Two compact, deciduous shrubs, (Viburnum trilobum and plicatum ‘Newport‘), will soften the edge of the building, providing changing interest with foliage, pollinator-friendly flowers and bird-attracting fruit, while maintaining trans-seasonal garden structure with their attractive, contrasting forms. A gorgeous golden hops vine, (Humulus lupulus ‘Aureus’), will add a luminous, romantic touch to the seductive shade of the front porch. Other key plants filling out the front yard garden plan -designed with an emphasis on form, color and movement- include mass plantings of flame grass, (Miscanthus purpurascens), blue fescue, (Festuca glauca), low maintenance daylilies, (Hemerocallis ‘Entrapment’), and ground-covering stonecrop, (Sedum). This fall, I recommended that the owners add daffodil bulbs to the front beds, to provide early season color and fragrance to their garden. At the opposite, protected corner of the house beside the front steps, a pink flowering dogwood, (Cornus florida rubra), will provide balance to the asymmetric design, with a flattering horizontal shape to soften the edge of the house and break up the vertical line. Dogwood is a great small-scale landscape tree, perfect for framing a home, and this particular selection, with its pink flowers and red autumn foliage and fruits, will really light up against the charcoal-brown siding.

One of the key new plants in this desgin: Miscanthus purpurascens, aka ‘Flame Grass’

And for contrast: Blue Festuca Grass from Spring Hill Nursery Online

Also in the works, a shady side yard garden to compliment the gorgeous, mature Japanese maple on the property. I will be back soon with more details on this fun, upcoming project, including a report from the owners on the do-it-yourself installation process. For more information on ornamental grasses and their use in the landscape, travel back in blog-time and see my earlier post on the subject here. See you with more on this easy-care garden design project soon…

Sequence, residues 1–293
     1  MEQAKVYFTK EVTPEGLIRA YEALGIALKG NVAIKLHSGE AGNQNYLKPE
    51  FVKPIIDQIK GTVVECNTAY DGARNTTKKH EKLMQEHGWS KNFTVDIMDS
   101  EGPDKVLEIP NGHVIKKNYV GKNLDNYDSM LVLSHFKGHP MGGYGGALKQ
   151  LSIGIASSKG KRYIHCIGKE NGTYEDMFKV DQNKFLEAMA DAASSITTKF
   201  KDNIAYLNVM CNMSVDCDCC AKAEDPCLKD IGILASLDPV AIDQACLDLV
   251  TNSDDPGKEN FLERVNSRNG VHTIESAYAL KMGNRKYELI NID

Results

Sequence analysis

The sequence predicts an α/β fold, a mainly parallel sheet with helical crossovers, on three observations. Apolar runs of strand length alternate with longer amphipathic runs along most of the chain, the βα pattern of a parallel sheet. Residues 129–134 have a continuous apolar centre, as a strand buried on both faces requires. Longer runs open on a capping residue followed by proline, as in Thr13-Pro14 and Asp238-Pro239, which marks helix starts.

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Article and photographs © 2010 Michaela at The Gardener’s Eden

All content on this site, (with noted exceptions), is the property of The Gardener’s Eden and may not be used or reproduced without prior written consent. Inspired by something you see here? Great! Please give credit where credit is due. It’s a small world and link-love makes for fond friendships. Stealing makes for bad dreams…

Do you enjoy visiting The Gardener’s Eden? You can help support this site by shopping through our affiliate links. A small percentage of any sale originating from The Gardener’s Eden site will go toward web hosting and maintenance costs. Thank you for your support!

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Announcing New Weekly Posts on Garden Variety at Barnes & Noble…

December 22nd, 2009 § 6 comments § permalink

( Clearly, the gardener reads ! )

Beep, beep, beep, beep…

We now interrupt the usual, (somewhat quirky), blog posts to announce my new relationship with Garden Variety, the Barnes & Noble blog for bookish green-thumbs. Many thanks to Kristin for inviting me to write for Barnes and Noble on a weekly basis. Needless to say, I am thrilled to be a part of Barnes and Noble’s online community. My first article, “A Gardener Wrestles with Winter: Exploring the Four Season Harvest”, posted yesterday evening. Please head on over to Garden Variety and check it out. While you are there, be sure to explore the fantastic articles written by Becke Davis on this wonderful online book club for gardeners. Barnes and Noble’s website has a really nice selection of highly entertaining, informative blogs. I really enjoy B&N’s culinary blog, Food for Thought. In fact, just last week moderator Allison Fishman’s posted an article featuring one of my favorite cookbook authors, (and author/creator of the fantastic blog, The Pioneer Woman), Ree Drummond. This author visit on Food for Thought includes a question and answer section with Ree. Take a look – I know you will love it.

Stay tuned to Garden Variety and Barnes and Noble Book Clubs for more !

Thank you again to Kristin Z. and the entire Barnes and Noble community !